Ayaan Institute: Pakistan faces choice between dependency and independence

Editorial credit: SYED FATEH ALI GILLANI / Shutterstock.com

A new report by the Ayaan Institute think-tank has concluded that the Pakistani people need to decide if they want to be on a permanent lifeline of international loans and aid or do they want to tread the path of independence which will involve short-term pain, but long-term gain.

The report, which has been released weeks after former Pakistani PM Imran Khan was ousted, says Pakistan will have to decide whether or not they want to continue to be a proxy for U.S. interests in the region against China or Afghanistan.

The political upheaval in Pakistan and mass mobilisation of the Pakistani people in support of Imran Khan have led to an unprecedented global debate about the future policy direction of Pakistan.

The report authors, Jahanghir Mohammed, Hana Efendic and Fatih Kırşanlı, say they hope it will contribute to a much-needed debate currently ongoing among Pakistani communities worldwide about Pakistan’s problems and future direction.

“In the last 43 years, Pakistan has been a proxy for two U.S.-backed wars in Afghanistan and the blowback in terms of terrorism. The consequences on Pakistan’s economy and loss of life have been disastrous,” the report says.

Imran Khan. Editorial credit: Jahanzaib Naiyyer / Shutterstock.com

“Pakistan’s democratic political system is clearly failing and not serving the best interests of its people or the economy. It needs serious change. Pakistani people need to come up with a polical system that rewards merit, expertise and good conduct/character, not party loyalty or interest.

“Corruption in the country is corrosive at all the highest levels of society and is hindering economic development and good governance.

“Pakistan’s population growth is estimated to reach as many as 338 million people by 2050. Pakistan’s export and trade performance must increase to a level to keep pace with the needs of such a large population.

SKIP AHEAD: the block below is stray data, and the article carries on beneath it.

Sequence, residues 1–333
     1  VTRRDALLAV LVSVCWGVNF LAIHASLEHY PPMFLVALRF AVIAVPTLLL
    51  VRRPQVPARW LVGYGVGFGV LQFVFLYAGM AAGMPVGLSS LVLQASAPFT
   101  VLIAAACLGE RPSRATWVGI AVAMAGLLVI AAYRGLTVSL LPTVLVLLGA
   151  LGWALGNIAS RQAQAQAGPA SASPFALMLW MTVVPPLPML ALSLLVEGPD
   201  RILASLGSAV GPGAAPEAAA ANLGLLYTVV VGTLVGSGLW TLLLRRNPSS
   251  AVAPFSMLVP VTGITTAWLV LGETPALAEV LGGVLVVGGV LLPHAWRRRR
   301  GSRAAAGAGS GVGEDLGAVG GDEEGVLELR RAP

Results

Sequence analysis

“Overseas Pakistanis need to consider how best they can contribute to the changes that are needed to move this country forward.”

The PTI party came into power on the back of promises of ending Pakistan’s involvement in the United States-led War on Terror, tackling corruption and making social welfare reforms to benefit the poor.

But earlier this month The Pakistan Democratic Movement (PDM), an alliance of opposition parties, along with PTI defectors, tabled a No-Confidence Vote against Prime Minister Khan on the grounds of mismanagement of the economy and rising prices.

On April 10 the PTI was voted out of government and replaced by the opposition PDM and Shehbaz Sharif became the new Prime Minister.

“Our vision is to see a Muslim world that is independent, prosperous, strong, free from wars and conflict, and able to find its own solutions to its problems. Pakistan fails on all these aspirations,” the Ayaan report says.

“We are confident that most Pakistani people share the aspirations of Ayaan and will help shape a new future away from its failed past. Away from political failure, U.S. dependency, endemic corruption, and toward transparent and effective governance.”

You can read the report here.

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